There are also different types of Procrastination
Active procrastination makes you get more things done. You might not be getting that thing that you are procrastinating over and done with. But if you’re an active procrastinator, the rest of your to-do list is probably getting cleared quickly! And once the rest of the things on your to-do list are done, then all you’ve got left is that one thing you were originally procrastinating on—and you’ve got no choice but to get on with it.
So, what are the benefits of being an Active Procrastinator?
- Unnecessary tasks disappear with procrastination. You have given yourself time to re-evaluate the importance of something after procrastinating on a task for some time, you might look at it and not remember why it’s even on your to-do list.
- Procrastination shines light on what’s most important to you. You’re less likely to procrastinate on things you love to do or that really matter to you. Purpose and passion will help you overcome any procrastination hurdle—or make you realise that you’re procrastinating because you’re working on the wrong thing.
- Procrastination makes you more creative. If you have a big, important task ahead of you, it’s natural to procrastinate because it’s so daunting. What you might not realise is that even when you’re not actively working on that task, your mind is subconsciously collecting ideas and processing things to prepare you for it. That means that when you sit down to get to it, you have a lot more creative ideas in your head on how to go about it.
- Procrastination helps you to make better decisions. Do you find that sometimes you might procrastinate on a decision because you’re not entirely sure which is the right choice for you? It buys you time to think about all the options and their pros and cons. Once the deadline arrives, you’re ready to make the decision as you’ve done your research.
- Procrastination leads to better apologies. If you’ve done something wrong and you owe someone an apology, it’s better to give them (and you) time to cool off. Giving you both time to think and understand.
So, there are times when we need to embrace it, but say you fall into the trap of not doing anything….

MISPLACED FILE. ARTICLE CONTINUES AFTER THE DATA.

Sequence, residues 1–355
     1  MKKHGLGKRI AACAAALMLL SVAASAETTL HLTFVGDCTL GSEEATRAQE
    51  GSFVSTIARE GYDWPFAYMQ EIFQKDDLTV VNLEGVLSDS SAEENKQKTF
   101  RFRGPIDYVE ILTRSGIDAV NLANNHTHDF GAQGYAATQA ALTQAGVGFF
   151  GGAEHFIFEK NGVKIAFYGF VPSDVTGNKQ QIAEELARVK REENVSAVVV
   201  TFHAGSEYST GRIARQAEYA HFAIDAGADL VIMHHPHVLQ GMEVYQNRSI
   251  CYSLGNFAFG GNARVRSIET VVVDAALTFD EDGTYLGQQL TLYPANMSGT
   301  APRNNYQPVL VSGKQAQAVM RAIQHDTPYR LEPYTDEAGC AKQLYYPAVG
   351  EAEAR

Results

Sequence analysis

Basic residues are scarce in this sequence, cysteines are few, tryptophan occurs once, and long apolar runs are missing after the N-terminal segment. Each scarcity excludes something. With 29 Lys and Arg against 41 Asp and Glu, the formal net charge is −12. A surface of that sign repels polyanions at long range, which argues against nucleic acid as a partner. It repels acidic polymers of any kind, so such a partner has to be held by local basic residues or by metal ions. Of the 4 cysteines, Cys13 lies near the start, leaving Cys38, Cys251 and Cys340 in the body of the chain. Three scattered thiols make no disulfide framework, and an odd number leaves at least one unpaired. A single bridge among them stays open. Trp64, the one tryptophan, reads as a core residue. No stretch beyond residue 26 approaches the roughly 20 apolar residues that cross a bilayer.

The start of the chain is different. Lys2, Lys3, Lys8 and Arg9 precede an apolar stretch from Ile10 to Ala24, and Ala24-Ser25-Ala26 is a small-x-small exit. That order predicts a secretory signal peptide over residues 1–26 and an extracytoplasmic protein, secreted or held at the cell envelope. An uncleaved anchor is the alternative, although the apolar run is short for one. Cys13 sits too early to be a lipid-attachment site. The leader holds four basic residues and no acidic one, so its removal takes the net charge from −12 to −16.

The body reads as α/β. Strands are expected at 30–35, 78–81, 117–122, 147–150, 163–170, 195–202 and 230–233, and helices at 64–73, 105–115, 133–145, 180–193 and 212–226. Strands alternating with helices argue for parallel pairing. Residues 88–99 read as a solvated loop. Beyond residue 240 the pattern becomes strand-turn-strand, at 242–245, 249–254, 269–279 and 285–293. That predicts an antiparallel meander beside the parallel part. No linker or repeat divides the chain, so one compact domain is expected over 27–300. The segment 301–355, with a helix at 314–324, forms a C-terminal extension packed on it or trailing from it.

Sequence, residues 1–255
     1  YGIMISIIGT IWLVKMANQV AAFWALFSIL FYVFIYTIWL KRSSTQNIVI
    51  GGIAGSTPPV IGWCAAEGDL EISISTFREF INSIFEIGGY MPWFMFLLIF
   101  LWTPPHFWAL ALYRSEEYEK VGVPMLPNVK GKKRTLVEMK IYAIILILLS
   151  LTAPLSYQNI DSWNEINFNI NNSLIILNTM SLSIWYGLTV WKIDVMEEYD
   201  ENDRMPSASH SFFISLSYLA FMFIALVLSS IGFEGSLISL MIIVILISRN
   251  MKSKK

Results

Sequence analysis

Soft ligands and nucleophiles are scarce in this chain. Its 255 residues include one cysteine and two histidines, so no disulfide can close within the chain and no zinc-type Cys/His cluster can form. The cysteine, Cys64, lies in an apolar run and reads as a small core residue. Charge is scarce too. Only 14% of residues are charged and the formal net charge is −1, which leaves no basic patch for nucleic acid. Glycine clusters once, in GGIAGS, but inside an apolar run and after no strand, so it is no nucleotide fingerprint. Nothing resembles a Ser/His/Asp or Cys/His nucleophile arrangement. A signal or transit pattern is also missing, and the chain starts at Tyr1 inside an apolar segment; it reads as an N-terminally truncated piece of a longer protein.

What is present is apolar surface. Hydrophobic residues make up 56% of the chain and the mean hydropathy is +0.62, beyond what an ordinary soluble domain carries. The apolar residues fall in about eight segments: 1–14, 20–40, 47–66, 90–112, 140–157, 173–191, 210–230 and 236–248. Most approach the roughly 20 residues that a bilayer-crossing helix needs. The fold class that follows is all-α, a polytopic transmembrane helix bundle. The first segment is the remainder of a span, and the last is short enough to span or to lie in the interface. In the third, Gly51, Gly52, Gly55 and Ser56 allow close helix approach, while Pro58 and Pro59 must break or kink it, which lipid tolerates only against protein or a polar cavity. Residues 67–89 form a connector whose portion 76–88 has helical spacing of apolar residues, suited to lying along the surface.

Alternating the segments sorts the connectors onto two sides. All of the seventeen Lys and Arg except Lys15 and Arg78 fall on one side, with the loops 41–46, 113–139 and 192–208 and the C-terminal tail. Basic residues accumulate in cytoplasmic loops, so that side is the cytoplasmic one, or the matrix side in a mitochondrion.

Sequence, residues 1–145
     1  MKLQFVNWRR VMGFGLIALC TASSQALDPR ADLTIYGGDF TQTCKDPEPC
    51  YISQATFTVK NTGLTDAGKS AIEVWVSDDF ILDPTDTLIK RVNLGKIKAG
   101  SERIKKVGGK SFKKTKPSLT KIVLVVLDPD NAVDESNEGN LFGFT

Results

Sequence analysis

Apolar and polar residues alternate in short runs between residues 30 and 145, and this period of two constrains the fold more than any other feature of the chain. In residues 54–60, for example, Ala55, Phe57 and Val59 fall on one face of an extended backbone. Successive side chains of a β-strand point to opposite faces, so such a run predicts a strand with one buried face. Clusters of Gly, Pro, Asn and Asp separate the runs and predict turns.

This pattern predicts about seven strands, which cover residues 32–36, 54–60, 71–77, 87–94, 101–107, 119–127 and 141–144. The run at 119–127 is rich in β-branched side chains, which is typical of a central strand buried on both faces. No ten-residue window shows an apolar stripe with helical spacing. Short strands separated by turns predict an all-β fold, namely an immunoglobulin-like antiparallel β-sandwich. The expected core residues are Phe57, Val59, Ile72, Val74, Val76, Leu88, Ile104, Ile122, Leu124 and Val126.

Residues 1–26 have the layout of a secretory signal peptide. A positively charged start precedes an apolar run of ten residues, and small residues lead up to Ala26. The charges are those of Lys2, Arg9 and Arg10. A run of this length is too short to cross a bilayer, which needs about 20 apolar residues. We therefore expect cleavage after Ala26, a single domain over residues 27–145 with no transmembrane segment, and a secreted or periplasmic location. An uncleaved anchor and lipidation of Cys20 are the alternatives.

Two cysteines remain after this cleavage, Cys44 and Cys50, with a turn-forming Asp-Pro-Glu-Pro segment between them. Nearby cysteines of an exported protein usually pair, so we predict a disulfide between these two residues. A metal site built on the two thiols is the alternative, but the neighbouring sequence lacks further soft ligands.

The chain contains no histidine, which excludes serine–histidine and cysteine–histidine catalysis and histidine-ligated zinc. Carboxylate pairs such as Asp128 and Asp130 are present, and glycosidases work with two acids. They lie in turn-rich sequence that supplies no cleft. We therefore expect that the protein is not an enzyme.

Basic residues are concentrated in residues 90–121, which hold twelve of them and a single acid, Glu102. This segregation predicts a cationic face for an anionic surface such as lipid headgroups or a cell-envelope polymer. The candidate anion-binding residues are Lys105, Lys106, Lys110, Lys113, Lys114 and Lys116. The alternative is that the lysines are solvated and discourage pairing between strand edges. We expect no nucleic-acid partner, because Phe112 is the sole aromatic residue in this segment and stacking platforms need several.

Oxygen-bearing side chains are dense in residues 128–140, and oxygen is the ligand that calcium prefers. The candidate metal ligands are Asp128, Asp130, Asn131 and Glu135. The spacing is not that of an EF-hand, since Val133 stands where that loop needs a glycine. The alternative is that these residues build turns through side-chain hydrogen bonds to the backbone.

The Passive Procrastinator….
If you find yourself sitting on your sofa doing nothing or doing something fun but not enjoying it, then you’re a passive procrastinator
The problem is that we cannot rely on long-term consequences and rewards to motivate the Present Self. Instead, we must find a way to move future rewards into the present moment. We need to make the future consequences become present consequences.
Let’s say I had a Blog to write like this one…. I’ve had it on my list for weeks and continued to put it off day after day. I experience just a bit of internal nagging, pain and anxiety thinking about it, but not enough to do anything about it. Then, suddenly, the day before I want to publish it, the future consequences turn into present consequences, and I write it. My pain from procrastinating has finally escalated, and I crossed over into action mode.
The thing is as soon as we move into action, the pain does begin to subside. In fact, being in the middle of procrastination is often more painful than being in the middle of doing the work! The anxiety and guilt that you feel while procrastinating is usually worse than the energy/effort put into the task. The problem is not doing the work, it’s getting started!
If we want to stop procrastinating, then we need to make it as easy as possible for the Present Self to get started and trust that motivation and momentum will come after we begin. As with most things, such as confidence, motivation often comes after starting, not before.
In part 2 (to be published in the next few days), I will give solutions and techniques for you to try to move from being the passive procrastinator to being able to ignore the Present Self and get things done that need to be done.
In the meantime, if you do need help to get started you can contact me in the following ways. xx
And keep a look out for part 2 over the next few days!